How to analyze InsideTracker results over time


Quite often we gauge our progress at the start of the calendar year. It’s a natural marker to assess where we are in life. Around New Year’s Day, people regularly commence a new healthy activity or restart one that has fallen off in the past year.

There’s nothing wrong with that, of course. But right now, I’m using my most recent InsideTracker blood draw results and recommendations to assess my progress in the past year. I also had one of their simple blood draws roughly one year ago so this is a good way to analyze how my health, fitness and well-being have changed in the past 12 months.

It was also last October when my father’s doctor called me, concerned about his memory. As I wrote about in a recent post, his Alzheimer’s has quickly led to his decline. I have been consumed in the past year with managing his affairs, as well juggling my regular full-time job, family commitments, coaching duties and my own training.

And, of course, for the past eight months handling all of that amid a worldwide pandemic.

But that’s among the reasons why it is so important to understand our own personal health. Oftentimes, issues lay underneath the surface. That is why regular InsideTracker tests can reveal how stress — physical, emotional, etc. — and nutrition are having an impact on dozens of biomarkers.

I have been using InsideTracker for several years now and its personalized analysis and recommendations have been a boost to my endurance running. InsideTracker is recommended for athletes of any skill or experience level, as well as anyone else wanting to learn more about various markers that define their health. To learn more, visit InsideTracker.com and use my code for 15 percent off.

Comparing the data

In comparing my results from one year ago, I see several key takeaways:

1. Overall, my biomarkers improved significantly. The current test shows that 31 were considered optimized, up from 24 a year ago, while only five were deemed to be “at risk,” as compared to 13 a year ago. In both cases, six were classified as “needs work.”


2. Both one year ago and recently, my inflammation group was in the “at risk” category. A year ago, I attributed it to training for my 100-mile race in early November. I am still training for epic adventures and putting in a lot of 50-mile or so weeks so the training load is similar. I also had two InsideTracker tests between the two that I am comparing. Both of those show me in the optimal range, so I’ll need to focus on the foods that help inflammation. Those include chia seeds, avocados, chick peas, quinoa, various nuts and beans.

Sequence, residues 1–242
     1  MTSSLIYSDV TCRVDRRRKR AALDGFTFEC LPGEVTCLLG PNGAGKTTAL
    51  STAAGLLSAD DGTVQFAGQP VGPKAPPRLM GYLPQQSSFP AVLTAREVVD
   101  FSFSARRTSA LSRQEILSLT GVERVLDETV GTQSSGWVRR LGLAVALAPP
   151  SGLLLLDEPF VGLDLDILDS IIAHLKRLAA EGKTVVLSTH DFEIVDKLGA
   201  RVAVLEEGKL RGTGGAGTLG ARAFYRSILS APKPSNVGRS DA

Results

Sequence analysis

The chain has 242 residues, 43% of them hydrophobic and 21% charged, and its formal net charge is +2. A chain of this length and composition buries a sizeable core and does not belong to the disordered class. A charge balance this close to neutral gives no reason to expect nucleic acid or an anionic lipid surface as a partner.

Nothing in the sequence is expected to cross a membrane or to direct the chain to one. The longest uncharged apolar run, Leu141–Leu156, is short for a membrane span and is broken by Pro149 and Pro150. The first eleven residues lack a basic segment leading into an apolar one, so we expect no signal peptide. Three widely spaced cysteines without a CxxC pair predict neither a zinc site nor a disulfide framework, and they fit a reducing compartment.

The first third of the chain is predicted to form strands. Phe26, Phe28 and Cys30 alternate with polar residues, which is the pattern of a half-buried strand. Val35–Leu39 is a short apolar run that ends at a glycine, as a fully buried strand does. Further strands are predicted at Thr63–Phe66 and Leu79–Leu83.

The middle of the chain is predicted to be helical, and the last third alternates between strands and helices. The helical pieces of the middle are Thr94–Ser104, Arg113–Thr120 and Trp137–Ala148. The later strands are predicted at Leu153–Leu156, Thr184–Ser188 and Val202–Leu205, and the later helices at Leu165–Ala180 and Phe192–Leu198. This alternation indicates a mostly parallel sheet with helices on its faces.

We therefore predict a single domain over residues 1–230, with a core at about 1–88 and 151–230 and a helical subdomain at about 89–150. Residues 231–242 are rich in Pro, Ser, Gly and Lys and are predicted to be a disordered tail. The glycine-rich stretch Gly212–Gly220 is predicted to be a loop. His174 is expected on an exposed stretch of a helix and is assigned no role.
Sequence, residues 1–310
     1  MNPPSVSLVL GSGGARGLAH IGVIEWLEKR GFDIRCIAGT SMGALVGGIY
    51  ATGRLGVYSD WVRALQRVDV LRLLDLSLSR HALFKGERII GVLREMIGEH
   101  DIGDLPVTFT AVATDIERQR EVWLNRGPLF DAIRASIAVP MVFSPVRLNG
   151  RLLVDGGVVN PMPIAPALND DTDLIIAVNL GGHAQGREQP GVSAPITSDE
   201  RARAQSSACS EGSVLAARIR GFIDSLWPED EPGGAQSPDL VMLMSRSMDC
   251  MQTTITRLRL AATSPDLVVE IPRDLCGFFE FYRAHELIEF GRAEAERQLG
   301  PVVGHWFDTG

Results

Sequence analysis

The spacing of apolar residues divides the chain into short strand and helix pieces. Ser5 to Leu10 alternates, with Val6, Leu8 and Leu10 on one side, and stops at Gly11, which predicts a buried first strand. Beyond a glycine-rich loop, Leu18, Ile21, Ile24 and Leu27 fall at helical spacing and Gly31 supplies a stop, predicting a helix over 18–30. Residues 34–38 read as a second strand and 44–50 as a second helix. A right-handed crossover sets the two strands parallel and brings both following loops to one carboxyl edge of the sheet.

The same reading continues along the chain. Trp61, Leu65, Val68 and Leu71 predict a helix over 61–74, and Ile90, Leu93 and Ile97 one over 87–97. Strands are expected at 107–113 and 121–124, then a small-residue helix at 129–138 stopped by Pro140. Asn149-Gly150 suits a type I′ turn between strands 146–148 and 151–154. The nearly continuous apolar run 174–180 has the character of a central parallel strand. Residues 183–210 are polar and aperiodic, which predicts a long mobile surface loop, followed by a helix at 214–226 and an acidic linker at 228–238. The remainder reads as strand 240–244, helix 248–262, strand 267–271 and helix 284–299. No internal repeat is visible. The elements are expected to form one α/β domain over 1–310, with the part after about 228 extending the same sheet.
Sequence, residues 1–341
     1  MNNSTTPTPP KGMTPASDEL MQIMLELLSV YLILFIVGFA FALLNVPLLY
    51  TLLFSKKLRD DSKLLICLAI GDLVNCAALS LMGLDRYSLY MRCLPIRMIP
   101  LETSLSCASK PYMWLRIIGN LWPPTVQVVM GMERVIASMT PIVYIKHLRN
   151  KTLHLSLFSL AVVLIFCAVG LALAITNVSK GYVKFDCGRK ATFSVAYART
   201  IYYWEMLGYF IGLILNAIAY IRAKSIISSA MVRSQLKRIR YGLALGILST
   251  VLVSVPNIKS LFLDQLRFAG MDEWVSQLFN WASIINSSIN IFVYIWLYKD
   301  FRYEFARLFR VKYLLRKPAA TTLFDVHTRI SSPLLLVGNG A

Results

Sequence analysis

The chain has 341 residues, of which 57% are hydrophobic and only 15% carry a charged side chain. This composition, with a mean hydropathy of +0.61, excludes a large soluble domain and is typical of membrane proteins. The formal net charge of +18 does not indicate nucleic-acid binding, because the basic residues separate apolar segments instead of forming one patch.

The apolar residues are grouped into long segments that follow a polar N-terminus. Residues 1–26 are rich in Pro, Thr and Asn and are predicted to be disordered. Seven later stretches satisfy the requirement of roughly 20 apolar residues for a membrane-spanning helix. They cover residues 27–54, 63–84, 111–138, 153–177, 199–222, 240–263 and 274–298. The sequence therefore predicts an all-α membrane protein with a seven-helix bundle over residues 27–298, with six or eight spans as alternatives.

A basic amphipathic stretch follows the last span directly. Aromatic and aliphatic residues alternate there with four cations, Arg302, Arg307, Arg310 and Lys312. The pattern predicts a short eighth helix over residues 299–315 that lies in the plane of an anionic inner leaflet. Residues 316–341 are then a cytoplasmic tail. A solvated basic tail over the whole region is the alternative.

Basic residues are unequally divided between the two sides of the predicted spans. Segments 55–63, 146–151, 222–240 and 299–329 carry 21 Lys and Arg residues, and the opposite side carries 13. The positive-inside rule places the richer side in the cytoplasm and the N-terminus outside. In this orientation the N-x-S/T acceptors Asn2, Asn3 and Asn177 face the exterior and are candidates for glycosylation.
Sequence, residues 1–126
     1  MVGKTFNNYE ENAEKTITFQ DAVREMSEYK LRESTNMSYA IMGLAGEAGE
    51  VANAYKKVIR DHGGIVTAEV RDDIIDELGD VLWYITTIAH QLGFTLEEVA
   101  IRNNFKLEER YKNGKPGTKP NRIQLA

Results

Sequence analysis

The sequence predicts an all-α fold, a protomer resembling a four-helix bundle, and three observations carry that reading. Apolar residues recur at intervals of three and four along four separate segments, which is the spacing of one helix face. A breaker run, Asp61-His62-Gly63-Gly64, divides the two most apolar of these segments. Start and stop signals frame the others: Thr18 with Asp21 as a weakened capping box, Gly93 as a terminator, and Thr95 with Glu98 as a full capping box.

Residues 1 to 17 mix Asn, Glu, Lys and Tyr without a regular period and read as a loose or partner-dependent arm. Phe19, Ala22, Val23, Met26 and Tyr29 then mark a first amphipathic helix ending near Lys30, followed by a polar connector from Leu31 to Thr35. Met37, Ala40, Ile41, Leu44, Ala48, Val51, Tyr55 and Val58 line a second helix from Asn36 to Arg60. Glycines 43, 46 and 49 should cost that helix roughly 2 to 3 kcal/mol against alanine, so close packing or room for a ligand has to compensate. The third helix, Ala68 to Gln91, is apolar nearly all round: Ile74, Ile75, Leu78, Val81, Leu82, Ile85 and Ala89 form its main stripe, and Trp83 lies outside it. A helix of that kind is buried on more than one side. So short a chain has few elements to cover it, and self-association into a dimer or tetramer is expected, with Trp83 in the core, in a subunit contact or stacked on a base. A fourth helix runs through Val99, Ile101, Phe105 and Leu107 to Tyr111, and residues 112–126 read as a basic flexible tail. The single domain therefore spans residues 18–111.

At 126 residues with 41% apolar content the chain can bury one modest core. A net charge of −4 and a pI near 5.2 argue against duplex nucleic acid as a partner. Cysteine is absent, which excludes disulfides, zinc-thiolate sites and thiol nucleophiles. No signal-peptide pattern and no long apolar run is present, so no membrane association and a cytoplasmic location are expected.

3. My Vitamin D levels have sunk. One year ago, they were barely out of the optimal zone — 32 is the bottom of the optimal range, and I was at 30 a year ago. Now, the number is 24. I’ve been taking a Vitamin D supplement almost daily, and will need to continue that especially now as there are fewer hours of sunshine in the day now. One change in my diet since a year ago is that I have gradually eliminated fish from my diet, and that is one of the recommended foods for boosting Vitamin D. Others include mushrooms and almond milk, both of which I enjoy.


4. Among the successes from a year ago is the improvement in my magnesium levels. One year ago, it scored in the at risk category. Now, it is in the optimal category for the first time since a test two years ago.


5. There was also improvement in the category called Oxygen Transfer and Blood Function. One year ago, I had four markers within this group in the at-risk category compared with one right now. It’s not perfect since there are several here that “need work.” The recommended foods to improve these scores include spinach, peanut butter and black beans, all of which are part of my regular food choices.

Action plan

My next step is to review the food recommendations from InsideTracker to see how to tweak my diet to improve in the areas where needed.


The five areas at risk from the October 2020 test are Vitamin D, cortisol, inflammation, white blood cells and free testosterone. InsideTracker not only uses science to score and assess these key markers, they also offer recommendations, based on the individual’s nutrition preferences.

Since I have basically weeded fish out of my diet, I updated my preferences to remove fish. That limited the recommendations for improving my Vitamin D. Now it indicates maitake and oyster mushrooms, and chocolate almond milk as the ways to improve. Those along with a daily Vitamin supplement are on my to-do list.

For the other areas that need my attention, based on my diet preferences — gluten-free and vegan – these are among the foods recommended by InsideTracker: chia seeds (daily tablespoon), avocado (one cup daily), chickpeas (one cup, four times a week), toasted sesame seeds (one ounce daily), rolled oats (one cup daily), pecans (one cup daily), sunflower seeds (one cup daily), peanut or almond butter (one tablespoon daily), pistachio nuts (one cup daily), almonds (one cup daily), Navy beans (one cup four times a week) and quinoa (one cup daily).

With my new set of data and recommendations from InsideTracker, here are the goals for the next several months:

  • Oats: Get back in the habit of making and having overnight oats on a regular basis.

  • Vitamin D supplement: Take it daily, especially during the colder months when sunshine is limited.

  • Avocado: Have some daily.

  • Chickpeas: At least four times weekly.

  • Nuts: Hit daily target for various kinds of nuts.

  • Nut butter: Hit daily target for consuming a nut butter.

  • Water: Increase water consumption.

  • Seeds: Increase chia seed to daily.

  • Rest: Sleep longer.

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